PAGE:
45. 'Take me up and cast me where you please.' For there I shall keep the divinity within me propitious; satisfied, that is, if it should behave and act consistently with its own constitution.

Is this a sufficient reason why my soul should be in evil case, should lower itself, be humbled, craving, fettered, fluttering? What will you discover to be a sufficient reason for that?

46. Nothing can happen to any human being which is not an incident appropriate to man, nor to an ox which is not appropriate to oxen, nor to a vine which is not appropriate to vines, nor to a stone which is not peculiar to a stone. If then that happens to each which is both customary and natural, why should you be discontented with your lot? For the Universal Nature did not bring to you what you could not bear.

47. If you suffer pain because of some external cause, what troubles you is not the thing but your decision about it, and this it is in your power to wipe out at once. But if what pains you is something in your own disposition, who prevents you from correcting your judgement? And similarly, if you are pained because you fail in some particular action which you imagine to be sound, why not continue to act rather than to feel pain? 'But something too strong for you opposes itself'. Then do not be pained, for the reason why the act is not done does not rest with you. 'Well, but if this be left undone, life is not worth living.' Depart then from life in a spirit of good will, even as he dies who achieves his end, contented, too, with what opposes you.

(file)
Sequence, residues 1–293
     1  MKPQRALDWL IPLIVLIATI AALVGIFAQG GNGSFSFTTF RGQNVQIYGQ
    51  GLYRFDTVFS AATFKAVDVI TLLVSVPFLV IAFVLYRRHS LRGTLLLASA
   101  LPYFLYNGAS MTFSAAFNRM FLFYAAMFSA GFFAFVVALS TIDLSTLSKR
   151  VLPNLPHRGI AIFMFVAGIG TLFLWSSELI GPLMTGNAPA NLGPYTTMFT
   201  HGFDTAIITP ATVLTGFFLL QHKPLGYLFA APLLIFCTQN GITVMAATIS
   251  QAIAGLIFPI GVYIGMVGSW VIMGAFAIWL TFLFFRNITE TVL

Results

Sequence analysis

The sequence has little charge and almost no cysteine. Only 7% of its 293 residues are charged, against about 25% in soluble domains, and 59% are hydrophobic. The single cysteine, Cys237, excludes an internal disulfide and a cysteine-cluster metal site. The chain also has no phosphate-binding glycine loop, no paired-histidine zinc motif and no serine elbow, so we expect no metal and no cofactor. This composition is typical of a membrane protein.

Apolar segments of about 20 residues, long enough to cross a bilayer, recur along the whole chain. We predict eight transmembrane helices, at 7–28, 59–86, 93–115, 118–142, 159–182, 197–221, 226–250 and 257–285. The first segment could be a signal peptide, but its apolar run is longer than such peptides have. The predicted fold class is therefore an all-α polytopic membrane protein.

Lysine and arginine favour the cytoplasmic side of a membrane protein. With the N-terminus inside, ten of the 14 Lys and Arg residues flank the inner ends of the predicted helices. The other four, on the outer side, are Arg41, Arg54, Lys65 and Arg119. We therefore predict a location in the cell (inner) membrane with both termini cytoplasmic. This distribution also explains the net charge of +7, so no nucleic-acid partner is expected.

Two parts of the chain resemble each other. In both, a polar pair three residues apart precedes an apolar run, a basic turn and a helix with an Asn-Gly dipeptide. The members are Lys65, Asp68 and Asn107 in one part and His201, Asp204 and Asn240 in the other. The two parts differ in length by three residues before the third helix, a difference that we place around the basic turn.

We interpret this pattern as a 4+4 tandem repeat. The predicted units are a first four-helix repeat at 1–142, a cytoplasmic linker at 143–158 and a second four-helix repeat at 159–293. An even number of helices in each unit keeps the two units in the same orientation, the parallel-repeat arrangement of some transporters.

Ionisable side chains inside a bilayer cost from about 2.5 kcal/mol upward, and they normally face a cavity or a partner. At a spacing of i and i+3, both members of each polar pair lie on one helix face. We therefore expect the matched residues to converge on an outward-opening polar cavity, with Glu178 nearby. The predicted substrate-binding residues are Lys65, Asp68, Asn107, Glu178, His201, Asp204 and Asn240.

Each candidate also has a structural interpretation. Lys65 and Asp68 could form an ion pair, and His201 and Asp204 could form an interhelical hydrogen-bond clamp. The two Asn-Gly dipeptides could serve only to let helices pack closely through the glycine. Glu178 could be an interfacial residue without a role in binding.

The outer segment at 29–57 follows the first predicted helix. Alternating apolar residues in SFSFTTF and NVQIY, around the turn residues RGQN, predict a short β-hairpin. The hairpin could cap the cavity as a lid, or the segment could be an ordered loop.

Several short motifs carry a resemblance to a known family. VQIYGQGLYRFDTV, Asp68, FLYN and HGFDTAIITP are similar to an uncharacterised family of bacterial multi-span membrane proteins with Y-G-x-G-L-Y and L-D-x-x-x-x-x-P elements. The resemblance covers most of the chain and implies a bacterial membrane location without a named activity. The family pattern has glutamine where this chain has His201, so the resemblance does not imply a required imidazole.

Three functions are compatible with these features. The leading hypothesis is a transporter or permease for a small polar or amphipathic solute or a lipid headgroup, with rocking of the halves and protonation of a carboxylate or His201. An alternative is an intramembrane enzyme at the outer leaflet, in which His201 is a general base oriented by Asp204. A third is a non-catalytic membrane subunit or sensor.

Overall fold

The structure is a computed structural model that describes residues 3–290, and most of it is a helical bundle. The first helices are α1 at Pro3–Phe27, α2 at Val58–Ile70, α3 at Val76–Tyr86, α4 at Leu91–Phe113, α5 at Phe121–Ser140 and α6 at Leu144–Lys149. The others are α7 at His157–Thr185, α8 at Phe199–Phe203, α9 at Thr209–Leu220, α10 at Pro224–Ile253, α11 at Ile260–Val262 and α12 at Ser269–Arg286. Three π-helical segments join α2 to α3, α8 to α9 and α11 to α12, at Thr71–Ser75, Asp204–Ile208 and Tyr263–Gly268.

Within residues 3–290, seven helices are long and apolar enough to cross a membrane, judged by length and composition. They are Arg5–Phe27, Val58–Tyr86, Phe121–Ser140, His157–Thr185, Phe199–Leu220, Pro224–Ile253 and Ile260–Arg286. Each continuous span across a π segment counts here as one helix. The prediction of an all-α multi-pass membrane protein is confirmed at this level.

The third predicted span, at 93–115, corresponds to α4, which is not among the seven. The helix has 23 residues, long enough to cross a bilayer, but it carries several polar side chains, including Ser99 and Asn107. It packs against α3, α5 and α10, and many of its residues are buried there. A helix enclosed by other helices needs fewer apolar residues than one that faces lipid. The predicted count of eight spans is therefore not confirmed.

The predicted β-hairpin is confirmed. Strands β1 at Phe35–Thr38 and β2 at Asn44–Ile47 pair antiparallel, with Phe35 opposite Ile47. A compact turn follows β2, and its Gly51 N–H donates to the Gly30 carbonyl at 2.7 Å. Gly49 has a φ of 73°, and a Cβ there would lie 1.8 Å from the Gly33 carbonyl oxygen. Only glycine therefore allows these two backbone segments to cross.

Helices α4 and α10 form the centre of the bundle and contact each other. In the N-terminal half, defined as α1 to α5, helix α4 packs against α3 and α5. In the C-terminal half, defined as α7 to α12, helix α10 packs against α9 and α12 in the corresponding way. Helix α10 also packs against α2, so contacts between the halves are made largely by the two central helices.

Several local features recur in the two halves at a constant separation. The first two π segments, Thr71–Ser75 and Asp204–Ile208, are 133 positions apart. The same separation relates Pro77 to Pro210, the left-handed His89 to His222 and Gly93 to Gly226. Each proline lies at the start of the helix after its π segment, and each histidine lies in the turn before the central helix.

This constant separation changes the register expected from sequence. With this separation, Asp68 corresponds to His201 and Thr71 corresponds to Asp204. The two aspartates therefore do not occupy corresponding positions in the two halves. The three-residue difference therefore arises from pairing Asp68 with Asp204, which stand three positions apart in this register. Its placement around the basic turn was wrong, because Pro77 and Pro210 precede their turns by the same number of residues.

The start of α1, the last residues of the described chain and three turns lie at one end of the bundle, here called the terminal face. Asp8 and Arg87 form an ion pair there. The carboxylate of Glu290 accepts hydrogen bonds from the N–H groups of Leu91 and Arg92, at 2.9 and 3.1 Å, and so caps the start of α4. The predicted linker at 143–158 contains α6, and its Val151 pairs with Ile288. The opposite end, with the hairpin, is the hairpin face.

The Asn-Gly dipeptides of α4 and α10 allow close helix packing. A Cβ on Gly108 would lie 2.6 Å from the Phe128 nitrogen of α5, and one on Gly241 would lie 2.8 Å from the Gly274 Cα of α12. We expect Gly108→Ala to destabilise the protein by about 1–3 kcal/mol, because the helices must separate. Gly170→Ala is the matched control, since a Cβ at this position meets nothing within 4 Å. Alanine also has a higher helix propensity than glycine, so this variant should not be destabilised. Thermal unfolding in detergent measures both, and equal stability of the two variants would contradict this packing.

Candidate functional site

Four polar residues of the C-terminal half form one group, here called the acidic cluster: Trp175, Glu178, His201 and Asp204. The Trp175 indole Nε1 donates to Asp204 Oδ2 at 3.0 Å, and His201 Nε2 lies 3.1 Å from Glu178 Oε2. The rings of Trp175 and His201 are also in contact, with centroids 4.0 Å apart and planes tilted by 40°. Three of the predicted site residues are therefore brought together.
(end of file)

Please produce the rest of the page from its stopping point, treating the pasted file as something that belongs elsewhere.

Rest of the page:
48. Remember that the governing self becomes invincible when it withdraws into itself and is satisfied with itself, doing nothing which it does not will to do, even if its opposition is unreasonable. How much more then when it decides both with reason and circumspection about a given case? On this account the understanding free from passions is a citadel of refuge; for man has nothing stronger into which to retreat and be thereafter inexpugnable. He then who has not seen this is uninstructed; he who has seen it and does not retreat is unfortunate.

49. Do not say more to yourself than the first impressions report. You have been told that some one speaks evil of you. This is what you have been told; you have not been told that you are injured. I see that the little child is ill; this is what I see, but that he is in danger I do not see. In this way then abide always by the first impressions and add nothing of your own from within, and that's an end of it; or rather one thought you may add, as one who is acquainted with every change and chance of the world.